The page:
Your email is not valid
Recipient's email is not valid
Submit Close

Your email has been sent.

Click here to send another

thescroll_header

The Librettist’s Granddaughter

Celebrating the man who made Tevye sing

Print Email
Sholem Aleichem, 1905.(Beit Sholem Aleichem.)

Today, in the Paris Review, Sadie Stein remembers her late grandfather, the man who brought Fiddler on the Roof to life. A broadway librettist, he came across Aleichem’s literary renderings of Tevye the milkman in the early sixties and, as she explains it, “transformed them into an unlikely musical that became Fiddler on the Roof.”

It seems appropriate that Tevye was brought from the shtetl to the stage by a second generation American who, though never having experienced the challenges of life in Eastern Europe, certainly understood the pulls of tradition and modernity. As Stein explains in a parenthetical aside, “He had come to my sixth-grade class and told us about its inception—the difficulty of finding producers, the skeptics and naysayers, the creative team’s unwavering commitment to the project—during our ‘Immigration’ unit.”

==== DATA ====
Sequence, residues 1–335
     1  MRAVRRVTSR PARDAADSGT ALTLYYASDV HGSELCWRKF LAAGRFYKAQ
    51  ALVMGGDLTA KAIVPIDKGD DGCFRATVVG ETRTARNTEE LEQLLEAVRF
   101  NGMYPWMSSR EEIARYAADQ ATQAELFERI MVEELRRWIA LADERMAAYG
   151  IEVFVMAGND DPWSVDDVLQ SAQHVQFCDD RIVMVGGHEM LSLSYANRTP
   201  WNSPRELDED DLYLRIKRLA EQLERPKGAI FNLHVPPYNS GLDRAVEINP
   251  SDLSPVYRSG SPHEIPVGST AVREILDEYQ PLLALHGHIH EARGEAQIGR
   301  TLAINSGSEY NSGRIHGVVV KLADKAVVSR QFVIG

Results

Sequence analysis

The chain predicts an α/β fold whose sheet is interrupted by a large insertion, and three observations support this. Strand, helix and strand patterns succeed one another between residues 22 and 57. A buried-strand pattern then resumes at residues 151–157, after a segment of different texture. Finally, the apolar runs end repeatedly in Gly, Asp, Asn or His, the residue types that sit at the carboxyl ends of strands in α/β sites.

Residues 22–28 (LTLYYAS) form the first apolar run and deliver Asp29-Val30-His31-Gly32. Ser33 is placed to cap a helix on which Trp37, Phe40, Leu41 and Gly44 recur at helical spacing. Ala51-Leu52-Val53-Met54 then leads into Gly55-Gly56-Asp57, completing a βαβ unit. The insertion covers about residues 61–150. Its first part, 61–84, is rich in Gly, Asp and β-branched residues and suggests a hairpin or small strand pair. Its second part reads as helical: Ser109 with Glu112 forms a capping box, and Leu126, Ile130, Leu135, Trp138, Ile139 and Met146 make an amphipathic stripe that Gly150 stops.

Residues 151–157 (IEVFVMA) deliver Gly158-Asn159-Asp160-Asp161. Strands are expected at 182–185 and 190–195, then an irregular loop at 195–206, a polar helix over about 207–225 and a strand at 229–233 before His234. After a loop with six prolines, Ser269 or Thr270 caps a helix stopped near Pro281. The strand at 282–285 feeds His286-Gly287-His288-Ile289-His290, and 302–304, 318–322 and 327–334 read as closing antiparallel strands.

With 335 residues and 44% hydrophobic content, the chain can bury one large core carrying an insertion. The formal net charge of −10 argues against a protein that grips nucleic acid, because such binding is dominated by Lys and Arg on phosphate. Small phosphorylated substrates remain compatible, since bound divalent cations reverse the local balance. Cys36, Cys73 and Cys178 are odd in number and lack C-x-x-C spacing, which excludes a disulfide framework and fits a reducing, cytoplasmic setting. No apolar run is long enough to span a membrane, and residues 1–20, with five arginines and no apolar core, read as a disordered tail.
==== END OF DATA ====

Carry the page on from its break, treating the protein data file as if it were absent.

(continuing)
Adaptation [Paris Review]
Earlier: Tradition, Tradition

Print Email
2000

Your comment may be no longer than 2,000 characters, approximately 400 words. HTML tags are not permitted, nor are more than two URLs per comment. We reserve the right to delete inappropriate comments.

Be a Mensch. Support Tablet.

Thank You!

Thank you for subscribing to the Tablet Magazine Daily Digest.
Please tell us about you.

The Librettist’s Granddaughter

Celebrating the man who made Tevye sing

More on Tablet:

How To Make Middle Eastern Stuffed Vegetables

By Joan Nathan — Video: Filled with warm rice and unexpected spices, they’re perfect for a cool autumn night—as a side dish or vegetarian entree